Lynchburg Civil Rights Leaders Reflect on JFK Assassination

Lynchburg, VA - The assassination of President John F. Kennedy was a big hit to a community in the United States, hanging on his vision for the future.

November 22nd 1963, a day when hope was replaced with fear for so many African Americans at the peak of the civil rights movement.

Local leaders of that movement reflected on the day John F. Kennedy was killed.

It was a day this country would stand still; and in the fierce fight for civil rights equality, the fear of what would happen next, gripped an entire community.

At a desk in his basement, Garnell Stamps, fingers through pages of pain.

Time magazine clippings, poems he wrote, an elegy even to Robert Kennedy; all to remember the man he says was the hope of a generation.

"He was a marvel who talked about things like a new frontier, and about going to the moon and coming back, and about equality of the races, and fairness all over America" said Stamps.

For a 28 year old English teacher at Lynchburg's Dunbar High School, John F. Kennedy was something never before seen in the office of the President. Stamps was a young, passionate, civil rights leader in a still very segregated city, was overcome with sorrow, with worry, when his President was shot.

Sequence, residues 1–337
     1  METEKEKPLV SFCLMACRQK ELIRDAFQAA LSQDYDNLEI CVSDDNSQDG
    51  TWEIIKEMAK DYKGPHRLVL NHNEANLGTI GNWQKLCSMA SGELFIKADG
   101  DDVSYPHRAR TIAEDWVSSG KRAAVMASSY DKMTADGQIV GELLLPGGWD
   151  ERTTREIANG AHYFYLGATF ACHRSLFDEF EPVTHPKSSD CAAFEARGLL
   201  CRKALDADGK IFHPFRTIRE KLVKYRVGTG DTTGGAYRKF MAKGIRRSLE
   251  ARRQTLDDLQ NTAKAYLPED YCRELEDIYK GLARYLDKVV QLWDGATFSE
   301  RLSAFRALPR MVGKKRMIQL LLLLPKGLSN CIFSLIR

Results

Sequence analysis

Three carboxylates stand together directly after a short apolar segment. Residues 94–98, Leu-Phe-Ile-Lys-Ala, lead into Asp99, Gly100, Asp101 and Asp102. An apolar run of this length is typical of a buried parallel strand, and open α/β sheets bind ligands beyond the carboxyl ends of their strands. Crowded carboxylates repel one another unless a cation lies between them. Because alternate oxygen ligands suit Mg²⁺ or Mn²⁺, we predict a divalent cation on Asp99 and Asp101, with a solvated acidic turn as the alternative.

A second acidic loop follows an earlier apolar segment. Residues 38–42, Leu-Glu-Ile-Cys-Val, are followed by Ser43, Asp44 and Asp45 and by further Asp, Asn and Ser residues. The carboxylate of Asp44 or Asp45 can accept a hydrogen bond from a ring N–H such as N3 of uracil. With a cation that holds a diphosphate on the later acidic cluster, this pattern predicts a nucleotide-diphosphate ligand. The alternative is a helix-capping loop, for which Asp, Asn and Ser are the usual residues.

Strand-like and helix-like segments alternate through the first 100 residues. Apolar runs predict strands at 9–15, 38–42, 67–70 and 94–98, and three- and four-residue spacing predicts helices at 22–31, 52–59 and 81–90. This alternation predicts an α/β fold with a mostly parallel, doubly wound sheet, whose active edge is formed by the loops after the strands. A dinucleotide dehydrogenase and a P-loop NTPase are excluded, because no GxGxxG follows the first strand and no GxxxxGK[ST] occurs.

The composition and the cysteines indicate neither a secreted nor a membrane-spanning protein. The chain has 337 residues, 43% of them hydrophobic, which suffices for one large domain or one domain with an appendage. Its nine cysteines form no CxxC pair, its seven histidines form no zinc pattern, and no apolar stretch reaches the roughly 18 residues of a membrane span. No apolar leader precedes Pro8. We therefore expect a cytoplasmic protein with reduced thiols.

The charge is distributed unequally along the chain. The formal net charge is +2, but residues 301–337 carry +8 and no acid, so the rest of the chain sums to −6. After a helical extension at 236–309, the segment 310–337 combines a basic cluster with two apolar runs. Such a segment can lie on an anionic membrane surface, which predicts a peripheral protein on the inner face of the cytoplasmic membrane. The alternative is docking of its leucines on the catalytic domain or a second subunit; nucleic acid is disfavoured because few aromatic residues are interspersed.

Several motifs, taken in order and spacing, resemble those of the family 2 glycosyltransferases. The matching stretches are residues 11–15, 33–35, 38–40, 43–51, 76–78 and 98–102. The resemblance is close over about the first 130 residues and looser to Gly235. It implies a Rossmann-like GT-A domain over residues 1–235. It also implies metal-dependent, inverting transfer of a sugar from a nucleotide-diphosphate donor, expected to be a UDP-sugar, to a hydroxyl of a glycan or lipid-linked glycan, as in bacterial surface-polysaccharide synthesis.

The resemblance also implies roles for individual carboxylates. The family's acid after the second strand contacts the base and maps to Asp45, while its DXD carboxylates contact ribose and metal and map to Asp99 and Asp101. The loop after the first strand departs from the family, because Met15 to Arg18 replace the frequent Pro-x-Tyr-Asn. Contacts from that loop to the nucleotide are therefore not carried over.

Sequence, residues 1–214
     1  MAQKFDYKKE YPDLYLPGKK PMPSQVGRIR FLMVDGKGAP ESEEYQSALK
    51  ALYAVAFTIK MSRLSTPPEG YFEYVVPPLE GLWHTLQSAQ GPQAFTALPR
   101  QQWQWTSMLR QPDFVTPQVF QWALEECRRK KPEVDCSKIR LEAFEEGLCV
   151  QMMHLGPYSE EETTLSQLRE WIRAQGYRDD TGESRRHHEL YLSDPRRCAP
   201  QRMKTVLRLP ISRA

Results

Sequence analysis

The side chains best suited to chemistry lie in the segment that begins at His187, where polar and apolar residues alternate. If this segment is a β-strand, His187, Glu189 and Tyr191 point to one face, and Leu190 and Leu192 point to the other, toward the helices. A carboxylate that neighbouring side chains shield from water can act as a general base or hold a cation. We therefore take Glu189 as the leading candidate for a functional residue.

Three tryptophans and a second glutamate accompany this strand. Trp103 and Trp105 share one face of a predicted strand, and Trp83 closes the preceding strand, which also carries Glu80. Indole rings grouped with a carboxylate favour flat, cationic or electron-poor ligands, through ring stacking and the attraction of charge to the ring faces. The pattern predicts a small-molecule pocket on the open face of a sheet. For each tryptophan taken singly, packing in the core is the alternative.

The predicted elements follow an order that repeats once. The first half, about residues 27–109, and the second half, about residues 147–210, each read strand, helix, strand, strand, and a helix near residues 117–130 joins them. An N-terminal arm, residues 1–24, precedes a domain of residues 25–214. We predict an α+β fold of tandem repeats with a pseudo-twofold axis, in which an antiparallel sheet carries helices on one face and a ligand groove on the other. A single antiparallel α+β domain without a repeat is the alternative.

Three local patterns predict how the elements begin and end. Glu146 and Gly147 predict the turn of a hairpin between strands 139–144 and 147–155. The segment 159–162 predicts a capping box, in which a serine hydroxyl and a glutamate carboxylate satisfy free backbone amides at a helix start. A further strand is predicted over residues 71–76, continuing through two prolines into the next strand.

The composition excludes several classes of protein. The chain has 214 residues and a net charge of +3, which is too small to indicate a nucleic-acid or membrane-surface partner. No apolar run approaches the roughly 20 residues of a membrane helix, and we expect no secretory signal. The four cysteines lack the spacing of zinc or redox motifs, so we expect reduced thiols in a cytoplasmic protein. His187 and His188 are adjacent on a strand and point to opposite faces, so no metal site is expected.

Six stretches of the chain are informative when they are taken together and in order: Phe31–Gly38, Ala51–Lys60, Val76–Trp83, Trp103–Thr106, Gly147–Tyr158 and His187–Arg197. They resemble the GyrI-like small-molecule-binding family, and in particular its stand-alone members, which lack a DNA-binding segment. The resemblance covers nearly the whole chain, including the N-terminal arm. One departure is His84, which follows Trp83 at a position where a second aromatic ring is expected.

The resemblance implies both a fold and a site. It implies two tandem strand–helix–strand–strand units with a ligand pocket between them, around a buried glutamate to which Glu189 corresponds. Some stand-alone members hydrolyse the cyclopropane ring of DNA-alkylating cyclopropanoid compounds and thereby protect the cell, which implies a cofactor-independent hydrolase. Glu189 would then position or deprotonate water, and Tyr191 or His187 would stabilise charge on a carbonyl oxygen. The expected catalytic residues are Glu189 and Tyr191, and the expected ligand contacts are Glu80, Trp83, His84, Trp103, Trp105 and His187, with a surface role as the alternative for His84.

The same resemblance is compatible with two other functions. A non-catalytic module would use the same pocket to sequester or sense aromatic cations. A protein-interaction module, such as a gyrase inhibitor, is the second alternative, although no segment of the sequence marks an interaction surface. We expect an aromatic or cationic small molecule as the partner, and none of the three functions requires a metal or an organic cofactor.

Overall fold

"They didn't cry tears in certain parts of the City of Lynchburg, for John Fitzgerald Kennedy" said Stamps.

"We lost, I think, a great American, and we continue to grieve" said Carl Hutcherson.

Former Lynchburg Mayor, Carl Hutcherson, 19 at the time of Kennedy's assassination, saw him as a kick start to actual action in this nation's push for civil equality.

"His legacy is that he was able to mend, if you will, a nation which had been separated, especially as it had been related to race" said Hutcherson.

50 years later, the wounds for these leaders have healed, civil rights is written in history. But the sorrow of seeing a promising President taken, will last forever.

President Lyndon Johnson would go on to accomplish many of the major achievements of the civil rights movement during his time in office. Both Stamps and Hutcherson spent Friday reflecting, and honoring JFK and the work he did for this country.